The Intruder, 2020.
Written and directed by Natalia Meta.
Starring Érica Rivas, Nahuel Perez Biscayart, and Daniel Hendler.
The story of Inés, a young woman who after a traumatic episode during a trip with her partner begins to confuse herself between the real and the imaginary.
Sound is a wholly undervalued aspect of filmmaking, and so any film which draws attention to it – especially when it’s a splashy genre feature – is most certainly welcome. And though Natalia Meta’s (Death in Buenos Aires) second feature doesn’t manage to stick a satisfying landing, for the bulk of its runtime it offers up a compellingly off-kilter quasi-horror romp.
Voice actress and singer Inés (Érica Rivas) finds her life turned upside down after a traumatic holiday with her boyfriend, Leopoldo (Daniel Hendler). Beyond experiencing nightmares, she suffers through auditory and visual hallucinations while awake, seemingly having a psycho-somatic impact on her ability to perform. Worse still, her recording sessions are underscored by electro-magnetic issues which seem to suggest that an untoward force has somehow tethered itself to Inés.
From the logline alone, Berberian Sound Studio will be the film’s most obvious touchstone, despite being loosely adapted from C.E. Feiling’s novel “El mal menor.” Meta fuses a dishy dive into the under-explored craft of film sound design with a giallo-inspired style and tone, not to forget a dash of Brian De Palma-branded nutso voyeurism.
Despite the obvious gonzo potential of such a setup, the bulk of Meta’s film is defined by considerable restraint – the neon lighting of the recording booth and increasingly unsettling hallucinations might suggest an incoming rollercoaster ride of supernatural interlopers and jump scares, but it never quite goes there.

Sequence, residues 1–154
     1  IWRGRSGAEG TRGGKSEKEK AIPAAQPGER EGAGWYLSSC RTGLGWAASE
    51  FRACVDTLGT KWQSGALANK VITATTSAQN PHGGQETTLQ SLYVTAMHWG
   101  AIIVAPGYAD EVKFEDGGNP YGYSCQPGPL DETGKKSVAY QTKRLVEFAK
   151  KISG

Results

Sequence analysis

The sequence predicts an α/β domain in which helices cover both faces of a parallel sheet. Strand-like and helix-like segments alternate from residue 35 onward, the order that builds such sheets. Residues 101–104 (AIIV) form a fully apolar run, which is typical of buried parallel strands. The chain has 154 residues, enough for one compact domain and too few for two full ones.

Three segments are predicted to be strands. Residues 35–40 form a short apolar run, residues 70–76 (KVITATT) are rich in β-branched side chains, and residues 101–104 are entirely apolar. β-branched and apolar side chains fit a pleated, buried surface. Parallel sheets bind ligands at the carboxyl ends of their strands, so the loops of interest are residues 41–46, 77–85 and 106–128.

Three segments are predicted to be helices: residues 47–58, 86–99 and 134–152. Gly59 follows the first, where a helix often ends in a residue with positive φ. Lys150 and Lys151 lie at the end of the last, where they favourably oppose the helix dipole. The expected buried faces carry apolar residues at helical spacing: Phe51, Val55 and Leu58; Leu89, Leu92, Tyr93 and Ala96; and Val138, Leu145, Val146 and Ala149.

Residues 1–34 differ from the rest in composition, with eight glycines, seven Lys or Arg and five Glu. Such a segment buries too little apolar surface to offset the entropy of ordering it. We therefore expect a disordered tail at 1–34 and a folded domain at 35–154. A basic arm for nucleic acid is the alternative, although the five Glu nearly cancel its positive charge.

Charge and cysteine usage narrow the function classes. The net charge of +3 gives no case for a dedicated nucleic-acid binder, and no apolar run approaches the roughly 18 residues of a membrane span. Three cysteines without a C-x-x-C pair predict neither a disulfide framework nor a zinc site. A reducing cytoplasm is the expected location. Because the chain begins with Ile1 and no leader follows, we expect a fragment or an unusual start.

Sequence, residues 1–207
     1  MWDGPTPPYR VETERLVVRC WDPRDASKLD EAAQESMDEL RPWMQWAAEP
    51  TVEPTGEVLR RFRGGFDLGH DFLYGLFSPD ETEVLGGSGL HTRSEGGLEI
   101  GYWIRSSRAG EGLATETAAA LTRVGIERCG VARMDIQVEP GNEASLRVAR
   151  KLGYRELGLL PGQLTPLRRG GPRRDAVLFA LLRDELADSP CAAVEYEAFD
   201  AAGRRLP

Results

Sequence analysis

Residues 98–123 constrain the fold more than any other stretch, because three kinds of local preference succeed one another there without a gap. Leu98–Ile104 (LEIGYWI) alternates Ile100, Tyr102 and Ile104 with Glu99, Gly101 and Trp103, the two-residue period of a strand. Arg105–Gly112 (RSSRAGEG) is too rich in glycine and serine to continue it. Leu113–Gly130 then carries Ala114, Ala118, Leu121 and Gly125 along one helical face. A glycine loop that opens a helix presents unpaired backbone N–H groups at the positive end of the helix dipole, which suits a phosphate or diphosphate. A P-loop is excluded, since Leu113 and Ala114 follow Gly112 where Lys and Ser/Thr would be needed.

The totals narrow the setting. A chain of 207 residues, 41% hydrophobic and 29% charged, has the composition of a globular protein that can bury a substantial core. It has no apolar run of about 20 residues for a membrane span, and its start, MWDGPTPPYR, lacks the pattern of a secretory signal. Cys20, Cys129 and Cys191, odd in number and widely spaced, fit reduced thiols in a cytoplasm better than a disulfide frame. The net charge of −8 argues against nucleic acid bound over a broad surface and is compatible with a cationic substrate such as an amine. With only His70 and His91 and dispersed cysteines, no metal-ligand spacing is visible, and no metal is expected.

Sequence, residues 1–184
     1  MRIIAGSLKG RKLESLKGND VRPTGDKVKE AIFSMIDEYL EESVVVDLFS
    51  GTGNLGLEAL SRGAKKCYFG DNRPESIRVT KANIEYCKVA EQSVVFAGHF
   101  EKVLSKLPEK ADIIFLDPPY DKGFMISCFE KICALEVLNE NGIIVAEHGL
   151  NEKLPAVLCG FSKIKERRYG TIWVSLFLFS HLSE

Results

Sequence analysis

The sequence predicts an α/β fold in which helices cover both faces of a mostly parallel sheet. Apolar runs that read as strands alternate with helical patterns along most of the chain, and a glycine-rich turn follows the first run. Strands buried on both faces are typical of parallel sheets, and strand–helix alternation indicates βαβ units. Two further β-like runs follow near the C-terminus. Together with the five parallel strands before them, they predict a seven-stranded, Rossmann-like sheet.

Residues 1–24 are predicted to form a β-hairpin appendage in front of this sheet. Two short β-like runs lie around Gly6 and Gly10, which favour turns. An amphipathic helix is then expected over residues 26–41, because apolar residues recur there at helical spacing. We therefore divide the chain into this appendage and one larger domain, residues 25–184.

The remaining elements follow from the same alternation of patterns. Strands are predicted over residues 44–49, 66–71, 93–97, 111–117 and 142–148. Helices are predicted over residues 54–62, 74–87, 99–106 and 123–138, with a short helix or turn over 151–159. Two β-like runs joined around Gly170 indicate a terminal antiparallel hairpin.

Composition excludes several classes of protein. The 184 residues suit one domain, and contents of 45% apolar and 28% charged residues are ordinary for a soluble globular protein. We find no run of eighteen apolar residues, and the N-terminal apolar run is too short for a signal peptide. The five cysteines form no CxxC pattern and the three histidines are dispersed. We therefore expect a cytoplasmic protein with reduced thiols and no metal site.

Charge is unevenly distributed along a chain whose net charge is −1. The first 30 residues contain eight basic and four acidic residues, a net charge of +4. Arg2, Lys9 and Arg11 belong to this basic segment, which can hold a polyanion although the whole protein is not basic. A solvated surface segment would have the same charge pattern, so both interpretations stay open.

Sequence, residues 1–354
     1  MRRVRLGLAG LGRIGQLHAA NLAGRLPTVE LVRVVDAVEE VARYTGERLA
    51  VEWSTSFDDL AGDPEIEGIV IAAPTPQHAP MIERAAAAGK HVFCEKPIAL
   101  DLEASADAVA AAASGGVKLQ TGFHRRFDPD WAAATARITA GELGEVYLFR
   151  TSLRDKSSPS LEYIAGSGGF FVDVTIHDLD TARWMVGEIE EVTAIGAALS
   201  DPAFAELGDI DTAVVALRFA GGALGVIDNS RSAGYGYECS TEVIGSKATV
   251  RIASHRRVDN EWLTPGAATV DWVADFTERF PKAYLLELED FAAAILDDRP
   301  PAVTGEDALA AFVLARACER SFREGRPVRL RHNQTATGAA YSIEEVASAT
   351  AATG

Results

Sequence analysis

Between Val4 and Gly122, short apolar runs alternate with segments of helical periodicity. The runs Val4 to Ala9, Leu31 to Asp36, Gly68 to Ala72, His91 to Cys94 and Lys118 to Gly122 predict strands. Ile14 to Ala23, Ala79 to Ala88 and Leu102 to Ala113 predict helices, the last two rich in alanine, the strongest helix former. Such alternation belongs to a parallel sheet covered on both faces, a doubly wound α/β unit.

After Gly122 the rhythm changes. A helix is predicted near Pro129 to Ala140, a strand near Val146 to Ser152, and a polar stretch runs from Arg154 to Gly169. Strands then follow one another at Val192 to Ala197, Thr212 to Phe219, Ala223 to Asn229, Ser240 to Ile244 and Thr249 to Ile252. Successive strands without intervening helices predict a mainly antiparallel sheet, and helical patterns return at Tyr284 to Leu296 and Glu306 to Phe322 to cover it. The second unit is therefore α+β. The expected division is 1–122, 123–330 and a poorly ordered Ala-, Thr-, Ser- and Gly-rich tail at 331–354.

For the majority – and definitely in its better portion – Meta delves into the psychological aspects of Inés’ unraveling. Though mental illness has been thoroughly well-mined in the horror genre, filtering it through the lens of a voiceover artist whose voice is beginning to fail them makes for a novel twist.
But where is it all going? This sadly seems to be a question Meta herself is unsure of how to answer, as despite a compellingly ambiguous first hour cluttered with possibilities but no clear-cut answers, act three gets frustratingly close to outright schlock as it hurriedly staples a number of half-formed ideas into the fold. When it attempts to give Inés’ condition a strict explanation, it becomes decidedly less interesting, and even then, the ending leaves enough up in the air that neither camp is likely to be satisfied.
But if you’re able to accept the underwhelming – yet absolutely not terrible – denouement, there is plenty to savour here, especially a flirtatiously erotic tone, best exemplified by Inés’ interactions with the cute, wiry local organ tuner Alberto (Nahuel Pérez Biscayart). If the wider psychosexual implications feel rather undercooked through a head-scratcher of a climax, for a good while it musters the necessarily flustering frisson.
Though shot and edited with skill while tipping its hat to its genre forebears and paying the necessary attention to its dynamic sound design, The Intruder largely works thanks to the committed effort of Érica Rivas in the lead role. Beyond her inherently striking look, she’s asked to carry all of the film’s many possible outcomes on her shoulders, keeping things wide-open until Meta decides to settle on something approaching conclusive(ish) meaning.
While on the surface much of this core premise has been well-trod by cinema over the last few decades, the film’s first two acts offer up a creative spin on the idea of the mind as one’s own worst enemy. Érica Rivas’ sensational performance rescues an enticing horror film which nevertheless struggles to conjure a satisfying resolution.
Flickering Myth Rating – Film: ★ ★ ★ / Movie: ★ ★ ★
Shaun Munro – Follow me on Twitter for more film rambling.